It is an umbrella term including a group of essential related fat-soluble compounds known as naphthoquinones.
Vitamin K1, also referred to as phytonadione or phylloquinone, is the natural form of vitamin K and is found in plants. It is actually the main source of vitamin K which we obtain through nutrition.
When we consume foods that contain phytonadione, bacteria in the colon convert it to its storage form, vitamin K2 (also referred to as menaquinone).
This vitamin is most well known for being responsible for blood clotting. Clotting is a necessary process that can prevent the body from losing too much blood in some situations, likes when you are cut or injured.
Blood would not clot properly without phytonadione, as this vitamin activates the protein which is responsible for forming clots in the blood.
Individuals with deep-vein thrombosis (happens when a thrombus forms in one or more of the deep veins in the body) or atrial fibrillation (a quivering or irregular heartbeat) are frequently put on oral anticoagulants drugs, that are actually vitamin K antagonists, meaning they block the recycling of vitamin.
The human body needs this vitamin to activate osteocalcin (also referred to as bone gamma-carboxy glutamic), a protein that incorporates calcium into bone. Moreover, if the human body doesn’t get sufficient osteocalcin, bones won’t develop healthily.
Also, people with the highest intake of this vitamin (about 250 mcg per day), compared to people who consumed approximately 75 mcg per day, had a considerable reduction in hip fracture risk, according to the Framingham Heart Study.
A woman experiencing heavy menstrual bleeding would be deficient in phylloquinone due to the fact that without sufficient levels of phylloquinone, the blood will not clot properly and you may experience heavy bleeding menstrual period. This, in turn, causes more cramping and more pain from PMS.
A deficiency in this vitamin may lead to type 2 diabetes mellitus, heart disease as well as a lower bone mineral density.
Because of their close relationship with blood-thinning medications (like – warfarin) that work by inhibiting this vitamin, the most notable side effect from consuming foods rich in phytonadione (or taking supplements) is its capacity to interfere with these prescription medicines.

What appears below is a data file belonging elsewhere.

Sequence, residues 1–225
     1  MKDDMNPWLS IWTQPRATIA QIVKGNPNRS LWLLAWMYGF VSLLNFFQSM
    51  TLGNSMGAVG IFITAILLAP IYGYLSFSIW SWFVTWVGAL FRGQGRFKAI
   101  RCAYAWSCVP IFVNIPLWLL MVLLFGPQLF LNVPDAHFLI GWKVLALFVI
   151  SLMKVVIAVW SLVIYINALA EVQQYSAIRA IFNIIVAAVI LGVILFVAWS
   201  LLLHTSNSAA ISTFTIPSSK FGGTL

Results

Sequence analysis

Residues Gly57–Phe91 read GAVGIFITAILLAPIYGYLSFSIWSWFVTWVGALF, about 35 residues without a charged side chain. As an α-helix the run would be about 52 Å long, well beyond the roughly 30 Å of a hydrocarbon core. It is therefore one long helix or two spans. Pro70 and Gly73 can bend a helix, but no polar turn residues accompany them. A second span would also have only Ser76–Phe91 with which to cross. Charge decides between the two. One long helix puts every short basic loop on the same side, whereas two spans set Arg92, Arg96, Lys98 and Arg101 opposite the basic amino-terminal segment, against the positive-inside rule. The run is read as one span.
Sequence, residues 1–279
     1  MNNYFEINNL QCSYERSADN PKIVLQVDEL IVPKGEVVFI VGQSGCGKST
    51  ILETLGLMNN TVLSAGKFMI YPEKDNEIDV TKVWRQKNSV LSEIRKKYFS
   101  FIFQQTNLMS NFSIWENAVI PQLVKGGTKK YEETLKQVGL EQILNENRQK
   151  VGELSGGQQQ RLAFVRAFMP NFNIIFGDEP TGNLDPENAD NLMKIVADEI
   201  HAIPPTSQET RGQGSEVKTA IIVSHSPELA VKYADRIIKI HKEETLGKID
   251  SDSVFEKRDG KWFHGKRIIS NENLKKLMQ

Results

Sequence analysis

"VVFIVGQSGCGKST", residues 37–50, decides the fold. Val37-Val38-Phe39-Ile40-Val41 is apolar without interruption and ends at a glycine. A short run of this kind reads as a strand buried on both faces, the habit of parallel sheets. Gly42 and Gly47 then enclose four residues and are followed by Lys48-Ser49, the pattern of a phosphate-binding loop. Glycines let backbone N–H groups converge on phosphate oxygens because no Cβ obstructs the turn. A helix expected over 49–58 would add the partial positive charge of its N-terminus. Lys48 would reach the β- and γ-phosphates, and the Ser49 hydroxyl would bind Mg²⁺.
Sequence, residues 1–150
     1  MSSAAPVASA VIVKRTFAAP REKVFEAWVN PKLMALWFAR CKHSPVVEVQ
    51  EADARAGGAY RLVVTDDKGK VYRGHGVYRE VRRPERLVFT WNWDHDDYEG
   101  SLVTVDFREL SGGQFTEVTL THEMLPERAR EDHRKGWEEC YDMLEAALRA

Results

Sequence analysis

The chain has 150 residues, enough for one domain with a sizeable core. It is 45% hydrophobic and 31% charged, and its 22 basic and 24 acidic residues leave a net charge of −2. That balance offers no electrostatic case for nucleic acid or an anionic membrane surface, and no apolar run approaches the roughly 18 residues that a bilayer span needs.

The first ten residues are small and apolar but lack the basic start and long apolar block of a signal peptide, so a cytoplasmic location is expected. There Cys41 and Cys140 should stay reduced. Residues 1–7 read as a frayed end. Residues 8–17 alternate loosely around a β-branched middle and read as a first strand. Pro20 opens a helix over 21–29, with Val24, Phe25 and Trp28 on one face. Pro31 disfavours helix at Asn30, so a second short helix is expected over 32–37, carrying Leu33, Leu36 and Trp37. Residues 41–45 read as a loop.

Healthy foods containing this vitamin include – Swiss chard, parsley, watercress, collard greens, lettuce, mustard greens, kale, spinach, turnip green, cabbage, alfalfa, cauliflower, broccoli, Brussels sprout, prunes, kiwi, avocado, blackberries, figs, currants, blueberries, pomegranates, and grapes.
It is the 3rd most abundant mineral in the human body and a vital mineral for the function of a few organs, including the kidneys, heart, muscular and brain tissues.
While the United States official guidelines recommend that an adult should get about 4,700 mg of a day, some experts suggest that an adult required approximately 8,000 mg per day while limiting sodium intake to 1,500 mg per day.
The problem is that most people are not meeting either goal. For instance, according to the data described above, even the people with the healthiest sodium-potassium balance have about 2,900 mg of potassium and 2,700 mg of sodium per day.
Signs and symptoms of a deficiency in this mineral include muscle weakness, fatigue, mental confusion, irritability, heart disturbances as well as problems with muscle contraction and nerve conduction.
This mineral along with chloride, sodium, magnesium, phosphate, and calcium are electrolytes. They contract muscles, generate electricity, move fluids and water within the human body, and participate in a variety of other activities.
Heart disease is the main cause of death for both women and men. Some studies concluded that heart attack sufferers who have moderate levels of this mineral in the blood have a lower risk of death.
More importantly, research established that individuals with a lower potassium-sodium ratio have a higher risk of heart disease and all-cause mortality.
This mineral works to help the human body function correctly by helping nerves and muscles speak to each other and transporting nutrients into cells.
Arteriosclerosis of the extremities (narrowing of the arteries which deliver blood to the legs) can produce cramp-like pain in the feet and legs while you are practicing physical exercise.
In 2015, diabetes was the 7th leading cause of death in the US-based on the 79,535 death certificates in which this condition was listed as the underlying cause of death. Consuming foods rich in potassium can reduce the risk of diabetes as well as lowering blood sugar levels.
Stroke kills about 130,000 people in the United States per year, which is about 1 of every 20 deaths.
Due to the fact that this mineral has an important role in the regulation of heart function, the nervous system, and water balance, a regular diet rich in this mineral helps reduce the risk of stroke considerably.
According to research, low potassium levels have been linked with greater risk for depression and mood disturbances. For people suffering from depression, counseling (BetterHelp.com), meditation, spending time outside, and physical exercise are some of the best remedies.
- tingling in the feet or hands;
- stomach pain.
Foods rich in this mineral include – spinach, sweet potato, cantaloupe, lima beans, mushrooms, Swiss chard, squash, blackberries, strawberries, almonds, yams, figs, soybeans, bananas, potatoes, pinto beans, avocados, papaya, prunes, pistachios, and lentils.